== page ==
Classical review: I gioielli della Madonna, Opera Holland Park, London


The action is grittier, the stakes (and skirts) raised higher, and the orchestral noises louder than anything else of its time: if Puccini’s realist operas are verismo then Wolf-Ferrari’s 1911 I gioielli della Madonna is verissimo.

With Vespas and gelato-sellers, a brass band and children’s chorus, a procession and – yes – even an orgy, Opera Holland Park’s superb new production embraces the excess of this neglected work, offering a timely bit of operatic everyday for anyone tiring of all the gods and giants up the road at the Proms’ Wagner week.

Those who famously dismissed Tosca as a “shabby little shocker” would faint dead away at a plot that combines blasphemy, incest and Neapolitan gangsters. It’s easy to see why the opera enjoyed such success during Wolf-Ferrari’s lifetime in Northern Europe and America (and still easier to see why Italy and Southern Europe rejected it).

Director Martin Lloyd-Evans cannily updates the action to the early 1950s, matching the urgent and percussive violence of the music to the charged post-war mood. Just as Wolf-Ferrari’s score strains at its harmonic leash, so heroine Maliella (Natalya Romaniw) rages against the outdated traditions and restrictions of her community – a sole voice struggling to be heard again the spiritual clamour of processing worshippers and the secular shouts of the street-folk.

The music flourishes in dialogue with designer Jamie Vartan’s evocative, graffiti-daubed visuals, and conductor Peter Robinson encourages the City of London Sinfonia to match the plot for dynamic extremes. Although they do occasionally overpower the singers, the orchestra (with added guitar, mandolin and accordion) are excellent, and there’s a particularly pleasing friction between the euphemising beauty of the music that opens Act II and the coarse onstage action.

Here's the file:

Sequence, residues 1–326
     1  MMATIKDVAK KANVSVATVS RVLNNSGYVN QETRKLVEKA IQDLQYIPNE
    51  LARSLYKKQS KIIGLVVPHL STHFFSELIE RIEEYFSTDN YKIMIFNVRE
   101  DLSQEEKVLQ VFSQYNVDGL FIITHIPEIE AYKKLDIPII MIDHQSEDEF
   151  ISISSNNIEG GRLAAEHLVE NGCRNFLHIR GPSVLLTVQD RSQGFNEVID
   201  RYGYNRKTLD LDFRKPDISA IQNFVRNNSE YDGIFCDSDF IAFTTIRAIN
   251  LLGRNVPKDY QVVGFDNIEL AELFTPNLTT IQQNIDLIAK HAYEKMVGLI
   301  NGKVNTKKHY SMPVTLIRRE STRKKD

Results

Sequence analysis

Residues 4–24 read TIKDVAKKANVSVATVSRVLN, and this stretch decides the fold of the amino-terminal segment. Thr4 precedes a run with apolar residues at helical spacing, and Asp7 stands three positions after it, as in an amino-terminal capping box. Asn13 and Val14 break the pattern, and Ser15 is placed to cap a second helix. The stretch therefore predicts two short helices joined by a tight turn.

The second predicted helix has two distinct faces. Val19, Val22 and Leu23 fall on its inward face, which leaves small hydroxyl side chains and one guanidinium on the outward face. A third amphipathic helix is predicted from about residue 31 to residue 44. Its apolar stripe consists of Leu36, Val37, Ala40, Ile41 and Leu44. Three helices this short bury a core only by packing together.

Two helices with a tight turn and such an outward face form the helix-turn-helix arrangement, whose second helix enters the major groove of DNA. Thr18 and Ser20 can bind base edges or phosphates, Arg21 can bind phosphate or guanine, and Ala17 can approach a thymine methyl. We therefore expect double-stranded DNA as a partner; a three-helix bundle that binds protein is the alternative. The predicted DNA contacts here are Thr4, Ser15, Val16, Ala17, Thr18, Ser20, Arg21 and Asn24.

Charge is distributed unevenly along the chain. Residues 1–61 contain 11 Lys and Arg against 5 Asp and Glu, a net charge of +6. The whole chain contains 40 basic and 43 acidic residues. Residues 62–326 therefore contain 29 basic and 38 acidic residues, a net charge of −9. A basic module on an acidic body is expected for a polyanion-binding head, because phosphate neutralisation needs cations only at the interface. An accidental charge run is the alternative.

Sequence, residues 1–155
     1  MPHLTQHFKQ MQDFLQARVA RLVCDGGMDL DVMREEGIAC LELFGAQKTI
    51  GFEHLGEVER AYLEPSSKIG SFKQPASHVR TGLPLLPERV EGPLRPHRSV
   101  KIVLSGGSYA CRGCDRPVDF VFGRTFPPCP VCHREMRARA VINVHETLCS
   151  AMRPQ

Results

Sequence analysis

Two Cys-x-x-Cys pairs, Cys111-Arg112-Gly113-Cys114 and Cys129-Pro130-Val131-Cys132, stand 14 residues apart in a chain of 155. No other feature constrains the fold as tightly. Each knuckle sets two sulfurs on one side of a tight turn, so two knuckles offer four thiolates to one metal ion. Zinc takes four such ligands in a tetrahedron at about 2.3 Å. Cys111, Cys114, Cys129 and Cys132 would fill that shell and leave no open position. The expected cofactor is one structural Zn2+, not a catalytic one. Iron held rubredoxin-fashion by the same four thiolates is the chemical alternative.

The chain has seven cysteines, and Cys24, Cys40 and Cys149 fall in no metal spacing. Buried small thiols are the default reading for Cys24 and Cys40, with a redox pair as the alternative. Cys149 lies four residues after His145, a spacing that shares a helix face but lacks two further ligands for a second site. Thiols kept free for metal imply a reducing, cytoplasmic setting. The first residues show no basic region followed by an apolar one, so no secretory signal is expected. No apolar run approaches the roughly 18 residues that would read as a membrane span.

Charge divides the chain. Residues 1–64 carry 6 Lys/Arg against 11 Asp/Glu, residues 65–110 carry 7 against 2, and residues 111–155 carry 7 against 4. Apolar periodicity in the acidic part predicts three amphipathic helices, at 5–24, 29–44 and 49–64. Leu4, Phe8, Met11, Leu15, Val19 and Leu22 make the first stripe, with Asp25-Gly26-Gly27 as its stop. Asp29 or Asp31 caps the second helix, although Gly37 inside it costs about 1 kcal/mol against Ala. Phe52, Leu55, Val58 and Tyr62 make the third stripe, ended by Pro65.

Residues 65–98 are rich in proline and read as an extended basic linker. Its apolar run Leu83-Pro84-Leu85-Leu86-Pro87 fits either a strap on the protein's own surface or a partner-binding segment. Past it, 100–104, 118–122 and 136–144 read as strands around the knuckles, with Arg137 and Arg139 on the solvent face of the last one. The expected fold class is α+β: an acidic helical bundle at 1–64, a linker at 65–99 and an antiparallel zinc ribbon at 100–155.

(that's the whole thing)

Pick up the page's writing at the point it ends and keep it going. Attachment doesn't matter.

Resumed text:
Welsh soprano Romaniw’s Maliella is everything the part demands, combining vocal heft and gloriously dark tonal colouring with a flirtatious energy that never risks becoming vulgarity. Of her two suitors Olafur Sigurdarson’s bad-boy Rafaele (though physically incongruous) is more successful than Joel Montero’s Gennaro, finding a consistently powerful and beautiful place for his voice. A chorus of almost sixty singers are rarely absent from the action – a public always threatening and encroaching into a private tragedy.

In Wolf-Ferrari’s The Jewels of the Madonna Opera Holland Park have truly found a gem. Their production glows with understanding and affection for this unruly, outrageous score, and whatever your personal tastes it’s hard not be swept up in such conviction.